The Unitarian Society
East Brunswick, NJ
February 4, 2018
It is essential to read between the lines. I had already learned this, but when I was in seminary, I had the chance to learn it again. For instance, in Christian scripture, when Paul writes that women should be silent, he is doing so because women are Not. Being. Silent. If we were, there would have been no need for Paul to tell the Corinthians to hush us up.
Reading between the lines gives us a richer understanding of the true texture of our own history. For instance, in her book, The New Jim Crow, Michelle Alexander mentions that during the era of so-called “Southern Redemption,” authorities outlawed the game of chess…between Black and white people.
What does this tell us? That instead of a natural, god-given racial divide, African Americans and whites were socializing, were friendly: were playing chess together –– else there be no need to make a law against it. The powers that be longed for a wide and hostile division, constructed it through criminalizing such contact, then penalized only the Black folk.
And why is this relevant for Unitarian Universalists?
Reading between the lines allows us to see that our roots are in unexpected ground. Reading between the lines, particularly thanks to the Unitarian Universalist minister and historian, Susan Ritchie, has allowed us to trace back some of our Unitarian history – the founding happenings in what was Hungary then, what is now the Transylvanian region of Romania — to a relationship with the Ottoman Empire and with 16th century Islam.
Yes, you heard me right: Islam. Is your mind blown? Good.
We know this, not because it had been stated forthrightly. In fact, there is evidence of erasure. We know this because it can be read between the lines in anti-Islamic and anti-Unitarian tracts of the time. These treatises suggested, with nefarious intent, that the newly emerging Unitarian church was an agent of Mohammed, this being a quick way to sabotage its leaders as illegitimate.
I wonder, friends, do you hear the echoes of modern day Islamophobia there? I do.
I want us to spend most of our morning in the 16th century but I also want to make sure that all of us in the room are working with the same basic information about our modern history before we go several centuries back.
Unitarian Universalism comes out of the merger, in 1961, of two separate Christian denominations: the Unitarians and the Universalists. While both were considered heretical in their own way, they were still fully within the Christian fold; thus, our primary history is rooted firmly in Christianity.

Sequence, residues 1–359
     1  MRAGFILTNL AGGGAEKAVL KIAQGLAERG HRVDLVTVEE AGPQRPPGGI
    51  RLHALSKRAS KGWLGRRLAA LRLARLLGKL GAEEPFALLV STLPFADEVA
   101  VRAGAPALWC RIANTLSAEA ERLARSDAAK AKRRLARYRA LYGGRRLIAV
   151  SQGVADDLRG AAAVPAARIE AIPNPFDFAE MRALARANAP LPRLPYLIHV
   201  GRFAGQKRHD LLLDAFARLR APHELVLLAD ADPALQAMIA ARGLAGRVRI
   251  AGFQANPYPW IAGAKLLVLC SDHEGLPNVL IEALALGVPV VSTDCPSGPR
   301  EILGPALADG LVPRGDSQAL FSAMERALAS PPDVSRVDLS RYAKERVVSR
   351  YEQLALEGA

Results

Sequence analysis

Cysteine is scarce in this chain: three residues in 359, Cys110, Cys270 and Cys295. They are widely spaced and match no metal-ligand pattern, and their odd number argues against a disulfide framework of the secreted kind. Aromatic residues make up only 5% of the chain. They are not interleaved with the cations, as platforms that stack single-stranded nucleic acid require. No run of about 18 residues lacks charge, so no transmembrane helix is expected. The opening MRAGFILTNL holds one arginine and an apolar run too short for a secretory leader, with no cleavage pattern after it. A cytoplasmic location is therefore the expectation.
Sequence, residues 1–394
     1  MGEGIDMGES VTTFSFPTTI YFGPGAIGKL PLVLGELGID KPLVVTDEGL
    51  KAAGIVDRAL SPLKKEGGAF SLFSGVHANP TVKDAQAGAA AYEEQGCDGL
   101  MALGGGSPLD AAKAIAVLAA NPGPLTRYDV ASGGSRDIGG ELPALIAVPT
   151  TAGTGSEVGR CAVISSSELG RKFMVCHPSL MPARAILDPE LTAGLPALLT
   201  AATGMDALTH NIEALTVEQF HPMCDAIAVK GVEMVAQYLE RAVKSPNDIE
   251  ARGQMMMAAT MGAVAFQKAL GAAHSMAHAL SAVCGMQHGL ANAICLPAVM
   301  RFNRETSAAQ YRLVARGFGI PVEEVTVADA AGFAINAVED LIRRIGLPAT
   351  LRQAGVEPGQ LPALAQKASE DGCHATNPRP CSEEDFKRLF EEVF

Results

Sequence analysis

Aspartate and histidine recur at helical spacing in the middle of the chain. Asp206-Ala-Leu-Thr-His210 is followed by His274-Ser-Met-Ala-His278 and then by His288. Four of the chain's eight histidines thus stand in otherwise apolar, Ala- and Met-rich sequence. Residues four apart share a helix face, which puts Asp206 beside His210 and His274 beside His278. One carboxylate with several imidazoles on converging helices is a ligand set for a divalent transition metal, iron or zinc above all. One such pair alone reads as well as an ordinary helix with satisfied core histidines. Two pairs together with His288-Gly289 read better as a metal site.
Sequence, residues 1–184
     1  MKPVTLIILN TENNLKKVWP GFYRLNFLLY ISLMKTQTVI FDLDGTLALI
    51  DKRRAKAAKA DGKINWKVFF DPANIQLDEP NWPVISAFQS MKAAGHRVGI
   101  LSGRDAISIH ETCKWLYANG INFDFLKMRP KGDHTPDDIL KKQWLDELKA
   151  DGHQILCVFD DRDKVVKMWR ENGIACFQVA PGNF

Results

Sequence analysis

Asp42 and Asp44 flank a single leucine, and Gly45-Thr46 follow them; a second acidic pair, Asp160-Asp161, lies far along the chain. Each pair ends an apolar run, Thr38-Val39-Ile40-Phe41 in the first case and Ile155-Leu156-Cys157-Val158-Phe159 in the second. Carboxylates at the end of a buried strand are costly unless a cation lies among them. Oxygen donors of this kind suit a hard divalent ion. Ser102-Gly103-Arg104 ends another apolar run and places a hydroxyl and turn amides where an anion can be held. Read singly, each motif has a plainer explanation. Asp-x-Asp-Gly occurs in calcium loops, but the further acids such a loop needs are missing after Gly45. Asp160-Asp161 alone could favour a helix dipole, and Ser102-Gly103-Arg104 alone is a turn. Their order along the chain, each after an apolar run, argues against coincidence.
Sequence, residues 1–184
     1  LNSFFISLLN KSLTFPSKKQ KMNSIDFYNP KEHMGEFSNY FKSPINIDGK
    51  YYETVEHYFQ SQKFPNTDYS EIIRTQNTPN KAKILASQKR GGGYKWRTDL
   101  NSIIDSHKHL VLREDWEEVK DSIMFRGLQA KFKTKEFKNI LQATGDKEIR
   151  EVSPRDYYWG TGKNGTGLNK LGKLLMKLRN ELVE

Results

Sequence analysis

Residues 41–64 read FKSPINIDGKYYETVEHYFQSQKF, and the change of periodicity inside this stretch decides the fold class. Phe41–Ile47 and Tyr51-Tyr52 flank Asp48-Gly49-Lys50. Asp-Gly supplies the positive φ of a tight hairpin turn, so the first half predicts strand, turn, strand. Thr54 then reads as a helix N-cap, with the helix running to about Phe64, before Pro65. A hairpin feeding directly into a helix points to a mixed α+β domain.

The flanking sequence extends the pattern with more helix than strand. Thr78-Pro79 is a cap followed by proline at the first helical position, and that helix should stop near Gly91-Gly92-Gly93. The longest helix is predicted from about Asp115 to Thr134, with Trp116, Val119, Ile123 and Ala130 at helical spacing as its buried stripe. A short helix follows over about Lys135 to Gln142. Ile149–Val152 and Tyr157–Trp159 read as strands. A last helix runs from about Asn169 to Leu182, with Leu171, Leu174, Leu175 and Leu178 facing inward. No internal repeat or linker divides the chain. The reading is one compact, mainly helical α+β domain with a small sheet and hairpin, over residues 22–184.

Today, however, Unitarian Universalism no longer understands itself to be a Christian denomination (even as we honor and love individual UU Christians and practices among us). We do understand ourselves to be a religion of our own, and are recognized as such. While we value interfaith engagement and have amongst us many interfaith families, we, ourselves, are not an “interfaith religion,” though you sometimes hear people say that.
We are Unitarian Universalism: that plain and simple, that complex.
Back in the time of what was the Protestant Reformation – and remember, just this past October, 2017, we marked the 500th anniversary of Martin Luther hammering his 95 theses that sparked that revolution — our Unitarian and Universalist traditions were unsatisfied with these reforms, pressed for further adaptation beyond what would become mainstream Protestantism, and found ourselves more closely aligned with radical reformers of the time.
This year – 2018 — marks the 450th anniversary of one of our most cherished founding documents: the 1568 Edict of Torda. You heard it as our reading today. I’m going to read it again, in all its old language glory, noting that it uses the word, “diet” which means “assembly” and, of course, male pronouns where we moderns would choose otherwise:
His majesty, our Lord, in what manner he – together with his realm – legislated in the matter of religion at the previous Diets, in the same matter now, in this Diet, reaffirms that in every place the preachers shall preach and explain the Gospel each according to his understanding of it, and if the congregation like it, well. If not, no one shall compel them for their souls would not be satisfied, but they shall be permitted to keep a preacher whose teaching they approve.
Therefore none of the superintendents or others shall abuse the preachers, no one shall be reviled for his religion by anyone, according to the previous statutes, and it is not permitted that anyone should threaten anyone else by imprisonment or by removal from his post for his teaching. For faith is the gift of God and this comes from hearing, which hearing is by the word of God.